Plaintiff is in the business of custom airbrushing, including the airbrushing of copyrighted art works onto different surfaces. Defendants offer marine goods, including pontoon boats. In 2011, Plaintiff and Bennington entered into an agreement wherein Bennington paid Plaintiff to apply copyrighted graphics, titled “Shatter Graphics,” to a limited number of Bennington’s pontoon boats in exchange for payment.

Plaintiff contends that, following this authorized application of Shatter Graphics to Defendants’ pontoon boats, Defendant made further use of the copyrighted design without Plaintiff’s authorization.

In this Indiana litigation, Plaintiff makes several allegations, including accusing Defendant of copyright infringement for the sale of pontoon boats bearing graphics “that are copied from and substantially similar to” Plaintiff’s Shatter Graphics, which has been registered with the U.S. Copyright Office under Registration numbers VA 1-979-388 and 1-982-002. The lawsuit lists the following claims for relief:

• Count I – Breach of Contract against Bennington
• Count II – Unjust Enrichment against all Defendants
• Count III – Copyright Infringement against all Defendants
• Count IV – Unfair Competition against all Defendants
• Count V – Inducing Copyright Infringement against Bennington

• Count VI – Violations of DMCA, 17 U.S.C. § 1202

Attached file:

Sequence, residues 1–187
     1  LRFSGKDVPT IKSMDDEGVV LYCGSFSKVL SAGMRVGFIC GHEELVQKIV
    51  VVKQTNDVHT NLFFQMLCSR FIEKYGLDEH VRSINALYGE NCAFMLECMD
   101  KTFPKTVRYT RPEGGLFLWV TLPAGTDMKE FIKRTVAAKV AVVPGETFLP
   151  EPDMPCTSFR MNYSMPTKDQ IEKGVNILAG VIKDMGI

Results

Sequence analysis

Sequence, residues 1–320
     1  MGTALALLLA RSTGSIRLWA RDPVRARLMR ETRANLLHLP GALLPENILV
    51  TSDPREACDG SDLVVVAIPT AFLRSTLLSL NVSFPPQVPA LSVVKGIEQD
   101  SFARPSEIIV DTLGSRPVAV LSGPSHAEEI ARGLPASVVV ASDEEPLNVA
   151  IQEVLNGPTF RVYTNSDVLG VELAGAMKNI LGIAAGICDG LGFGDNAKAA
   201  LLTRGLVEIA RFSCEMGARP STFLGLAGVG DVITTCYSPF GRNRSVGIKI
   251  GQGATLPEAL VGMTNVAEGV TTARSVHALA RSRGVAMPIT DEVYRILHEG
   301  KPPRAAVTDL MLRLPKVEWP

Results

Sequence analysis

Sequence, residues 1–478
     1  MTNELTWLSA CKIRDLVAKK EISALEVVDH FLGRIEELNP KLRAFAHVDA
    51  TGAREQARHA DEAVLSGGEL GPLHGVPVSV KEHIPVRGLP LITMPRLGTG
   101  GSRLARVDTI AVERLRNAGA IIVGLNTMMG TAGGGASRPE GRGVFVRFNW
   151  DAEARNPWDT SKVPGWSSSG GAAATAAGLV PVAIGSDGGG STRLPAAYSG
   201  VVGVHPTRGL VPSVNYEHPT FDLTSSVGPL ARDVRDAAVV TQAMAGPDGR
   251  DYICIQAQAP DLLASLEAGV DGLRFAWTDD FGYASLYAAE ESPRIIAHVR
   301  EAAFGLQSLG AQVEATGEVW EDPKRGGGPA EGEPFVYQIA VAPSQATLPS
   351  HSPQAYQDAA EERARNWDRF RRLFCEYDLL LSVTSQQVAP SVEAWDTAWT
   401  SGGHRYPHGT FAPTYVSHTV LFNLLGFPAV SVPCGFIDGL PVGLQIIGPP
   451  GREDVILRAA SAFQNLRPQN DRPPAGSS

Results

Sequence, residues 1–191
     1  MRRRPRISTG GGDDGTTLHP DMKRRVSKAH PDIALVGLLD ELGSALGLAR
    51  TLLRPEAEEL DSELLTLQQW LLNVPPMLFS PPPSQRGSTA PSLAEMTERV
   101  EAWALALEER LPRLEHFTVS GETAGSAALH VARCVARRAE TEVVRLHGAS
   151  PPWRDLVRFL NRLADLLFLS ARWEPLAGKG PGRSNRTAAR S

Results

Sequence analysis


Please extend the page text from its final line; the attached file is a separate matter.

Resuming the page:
Plaintiff is seeking damages, including treble damages, as well as equitable relief, costs and attorneys’ fees.

Practice Tip: Plaintiff’s copyright attorneys also represent frequent litigant Design Basics. We have blogged about Design Basics’ Indiana copyright litigation before. See:

Design Basics Sues Fort Wayne Homebuilders
Creator of Architectural Designs Files Two New Copyright Lawsuits
Design Basics Files Three New Indiana Copyright Lawsuits
Architecture Firms File Four New Infringement Lawsuits
Design Basics Files Two New Copyright Lawsuits
Architecture Firm Files New Lawsuit Asserting Infringement
Design Basics Files Two Additional Infringement Lawsuits in the Northern District
Design Basics Files Additional Indiana Lawsuit

Design Basics Sues Builders and Others Alleging Infringement of Copyrighted Architectural Designs

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Northern District of Indiana – Plaintiffs DISH Network LLC, EchoStar Technologies L.L.C. and NagraStar LLC, all of Englewood, Colorado, sued in the Northern District of Indiana contending that Defendants Paulette Kincaide and Linnis Kincaide of Gary, Indiana wrongfully intercepted satellite signals.

Defendants are accused of circumventing DISH Network’s security system and receiving copyrighted satellite programming without having paid the required subscription fee. Plaintiffs contend that this was accomplished by purchasing decryption keys from NFusion Private Server, a pirate television service.